Bridging the Gap

  1. I would vote “Yes” to adding the Anthropocene epoch to the geological calendar. In my opinion, the Anthropocene should start at the development of agriculture. At this point, humans have fundamentally changed not only our own behavior, but the land around us. Steffen, Crutzen, and McNeill say that agricultural development “affected Earth System functioning so fundamentally that it prevented the onset of the next ice age.” Kolbert says that “38 percent of the planet’s ice-free land is now devoted to agriculture.” The development of agriculture drove humanity toward globally changing out surroundings.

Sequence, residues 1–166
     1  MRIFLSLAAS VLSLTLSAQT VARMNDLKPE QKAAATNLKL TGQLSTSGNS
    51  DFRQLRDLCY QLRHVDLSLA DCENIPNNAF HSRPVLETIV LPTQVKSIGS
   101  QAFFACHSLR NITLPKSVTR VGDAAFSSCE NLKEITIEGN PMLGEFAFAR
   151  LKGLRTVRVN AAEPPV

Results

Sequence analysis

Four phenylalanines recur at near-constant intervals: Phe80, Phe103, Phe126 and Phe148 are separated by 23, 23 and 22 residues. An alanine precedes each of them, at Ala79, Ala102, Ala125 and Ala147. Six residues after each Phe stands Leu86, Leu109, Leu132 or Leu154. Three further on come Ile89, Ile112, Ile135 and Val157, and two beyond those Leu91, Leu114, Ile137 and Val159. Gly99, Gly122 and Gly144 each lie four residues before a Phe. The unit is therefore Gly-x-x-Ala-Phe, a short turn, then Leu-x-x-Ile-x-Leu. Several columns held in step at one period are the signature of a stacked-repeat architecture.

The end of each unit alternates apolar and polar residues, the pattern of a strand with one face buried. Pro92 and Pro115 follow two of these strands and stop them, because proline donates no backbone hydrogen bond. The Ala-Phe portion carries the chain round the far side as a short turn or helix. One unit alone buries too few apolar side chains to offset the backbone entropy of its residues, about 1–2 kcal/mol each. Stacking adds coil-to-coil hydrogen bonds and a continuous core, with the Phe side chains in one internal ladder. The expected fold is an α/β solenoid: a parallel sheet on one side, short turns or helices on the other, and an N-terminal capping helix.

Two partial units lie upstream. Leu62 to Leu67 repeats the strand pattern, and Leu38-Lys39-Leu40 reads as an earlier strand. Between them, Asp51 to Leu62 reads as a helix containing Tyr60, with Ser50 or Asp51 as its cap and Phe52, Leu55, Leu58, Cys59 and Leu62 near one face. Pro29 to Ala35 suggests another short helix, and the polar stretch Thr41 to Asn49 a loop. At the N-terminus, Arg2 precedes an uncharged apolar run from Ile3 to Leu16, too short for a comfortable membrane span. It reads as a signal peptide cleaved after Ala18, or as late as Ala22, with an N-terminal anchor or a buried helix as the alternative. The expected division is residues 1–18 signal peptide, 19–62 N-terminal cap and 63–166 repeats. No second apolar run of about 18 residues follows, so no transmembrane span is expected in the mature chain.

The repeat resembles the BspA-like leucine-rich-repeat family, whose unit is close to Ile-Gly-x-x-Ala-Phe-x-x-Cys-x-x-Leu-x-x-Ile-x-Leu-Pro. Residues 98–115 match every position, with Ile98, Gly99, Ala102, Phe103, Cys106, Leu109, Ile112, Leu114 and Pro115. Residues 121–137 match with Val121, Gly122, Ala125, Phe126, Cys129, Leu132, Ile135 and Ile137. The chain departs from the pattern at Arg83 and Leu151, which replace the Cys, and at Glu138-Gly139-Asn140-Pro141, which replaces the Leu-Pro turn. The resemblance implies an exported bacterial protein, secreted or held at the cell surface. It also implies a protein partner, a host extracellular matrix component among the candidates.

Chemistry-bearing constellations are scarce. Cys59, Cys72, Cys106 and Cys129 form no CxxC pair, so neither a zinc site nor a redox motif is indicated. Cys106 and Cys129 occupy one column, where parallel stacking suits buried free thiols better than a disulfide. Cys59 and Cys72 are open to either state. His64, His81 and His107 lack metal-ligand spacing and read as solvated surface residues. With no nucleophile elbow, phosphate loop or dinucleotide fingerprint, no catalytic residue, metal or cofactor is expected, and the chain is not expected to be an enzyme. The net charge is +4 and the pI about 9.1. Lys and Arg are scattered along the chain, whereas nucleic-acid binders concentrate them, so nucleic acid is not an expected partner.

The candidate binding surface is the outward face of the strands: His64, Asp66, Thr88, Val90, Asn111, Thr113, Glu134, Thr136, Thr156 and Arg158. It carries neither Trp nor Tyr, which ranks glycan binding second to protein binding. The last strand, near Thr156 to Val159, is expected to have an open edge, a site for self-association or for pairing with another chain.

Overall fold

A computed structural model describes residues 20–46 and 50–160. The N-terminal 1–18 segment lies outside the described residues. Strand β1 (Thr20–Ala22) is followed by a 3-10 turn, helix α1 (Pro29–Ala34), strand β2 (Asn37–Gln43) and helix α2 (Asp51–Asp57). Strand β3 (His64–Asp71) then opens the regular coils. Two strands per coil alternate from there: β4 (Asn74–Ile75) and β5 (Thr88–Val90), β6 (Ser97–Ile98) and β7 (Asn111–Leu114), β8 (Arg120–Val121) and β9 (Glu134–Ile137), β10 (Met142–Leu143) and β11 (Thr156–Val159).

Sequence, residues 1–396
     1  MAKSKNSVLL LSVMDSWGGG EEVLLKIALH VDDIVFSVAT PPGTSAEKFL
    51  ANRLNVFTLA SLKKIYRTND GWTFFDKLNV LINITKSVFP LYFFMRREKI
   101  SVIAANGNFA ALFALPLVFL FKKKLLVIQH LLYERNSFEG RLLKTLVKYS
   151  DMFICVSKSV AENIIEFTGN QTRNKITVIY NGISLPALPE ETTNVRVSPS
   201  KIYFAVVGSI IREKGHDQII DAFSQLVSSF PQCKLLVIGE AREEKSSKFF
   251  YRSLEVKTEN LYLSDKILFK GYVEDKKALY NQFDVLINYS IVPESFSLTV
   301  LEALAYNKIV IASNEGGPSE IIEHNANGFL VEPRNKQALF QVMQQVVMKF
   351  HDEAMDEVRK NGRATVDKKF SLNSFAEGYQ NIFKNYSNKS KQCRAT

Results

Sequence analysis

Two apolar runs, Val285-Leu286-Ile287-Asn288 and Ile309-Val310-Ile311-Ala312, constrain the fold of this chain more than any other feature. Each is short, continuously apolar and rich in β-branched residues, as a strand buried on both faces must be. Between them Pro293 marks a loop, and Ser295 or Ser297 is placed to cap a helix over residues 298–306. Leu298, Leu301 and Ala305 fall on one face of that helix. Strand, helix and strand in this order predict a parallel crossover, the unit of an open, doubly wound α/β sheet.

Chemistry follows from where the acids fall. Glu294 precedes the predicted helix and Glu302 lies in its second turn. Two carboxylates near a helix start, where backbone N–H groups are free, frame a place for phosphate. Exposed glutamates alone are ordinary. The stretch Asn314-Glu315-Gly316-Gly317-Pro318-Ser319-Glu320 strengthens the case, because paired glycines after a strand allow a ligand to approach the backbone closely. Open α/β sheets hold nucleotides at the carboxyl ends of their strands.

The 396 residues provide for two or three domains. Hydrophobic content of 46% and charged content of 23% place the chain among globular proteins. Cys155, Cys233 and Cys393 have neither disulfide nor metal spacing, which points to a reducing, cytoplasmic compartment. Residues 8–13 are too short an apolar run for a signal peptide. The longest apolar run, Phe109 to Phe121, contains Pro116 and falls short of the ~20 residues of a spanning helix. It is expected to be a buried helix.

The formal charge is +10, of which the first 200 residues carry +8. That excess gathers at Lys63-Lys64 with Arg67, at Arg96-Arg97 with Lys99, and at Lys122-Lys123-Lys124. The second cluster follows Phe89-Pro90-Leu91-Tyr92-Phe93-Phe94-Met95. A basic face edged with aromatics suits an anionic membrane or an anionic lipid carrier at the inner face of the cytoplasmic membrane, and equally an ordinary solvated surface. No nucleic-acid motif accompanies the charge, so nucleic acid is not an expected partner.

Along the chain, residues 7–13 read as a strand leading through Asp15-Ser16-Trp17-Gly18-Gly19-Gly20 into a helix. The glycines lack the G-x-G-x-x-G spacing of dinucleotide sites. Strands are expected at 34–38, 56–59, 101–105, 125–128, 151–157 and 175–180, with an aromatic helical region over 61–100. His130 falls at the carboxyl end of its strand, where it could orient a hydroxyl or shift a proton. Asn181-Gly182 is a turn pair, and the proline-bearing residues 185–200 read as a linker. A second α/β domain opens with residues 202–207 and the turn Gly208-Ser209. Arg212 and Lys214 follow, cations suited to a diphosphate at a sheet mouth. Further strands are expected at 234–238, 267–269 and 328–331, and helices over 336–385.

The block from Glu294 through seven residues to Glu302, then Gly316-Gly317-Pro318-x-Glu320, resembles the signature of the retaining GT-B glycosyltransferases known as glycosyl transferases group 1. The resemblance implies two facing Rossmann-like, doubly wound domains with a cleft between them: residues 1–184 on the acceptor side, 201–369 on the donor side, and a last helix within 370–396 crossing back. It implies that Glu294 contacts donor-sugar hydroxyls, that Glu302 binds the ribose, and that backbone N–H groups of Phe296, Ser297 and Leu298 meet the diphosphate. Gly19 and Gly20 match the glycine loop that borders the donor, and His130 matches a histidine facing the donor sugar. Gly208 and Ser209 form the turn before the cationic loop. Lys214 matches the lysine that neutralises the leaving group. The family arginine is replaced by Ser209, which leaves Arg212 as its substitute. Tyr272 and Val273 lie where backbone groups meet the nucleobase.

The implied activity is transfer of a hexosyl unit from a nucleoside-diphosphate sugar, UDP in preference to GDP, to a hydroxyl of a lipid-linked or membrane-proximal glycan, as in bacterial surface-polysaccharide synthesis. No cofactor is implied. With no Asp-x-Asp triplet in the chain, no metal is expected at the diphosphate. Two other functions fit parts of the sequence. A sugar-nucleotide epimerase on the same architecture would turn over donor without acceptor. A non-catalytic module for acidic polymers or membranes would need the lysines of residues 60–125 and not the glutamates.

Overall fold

2. Dan Kahan argues that people’s views on climate change are not based in their inability to understand climate science, but rather in their need to fit in with their social peers. This affects our ability to solve problems in several ways: it divides the two “opposing sides” of the argument, which prevents a conversation from happening. It may alienate a person from their social group, which may prevent people from speaking out. And the polarizing topic prevents any reasonable legislation from being passed. Dr. Cathy Whitlock addressed this problem with “listening sessions,” where her research team spoke with, and more importantly, actively listened to, groups that climate change has and will affect in Montana. As far as my own ideas for “bridging the gap” between opinions on climate change, I thought Dr. Whitlock’s approach as a listening-based research team was very effective. Now if only we could apply that to a national or global scale…

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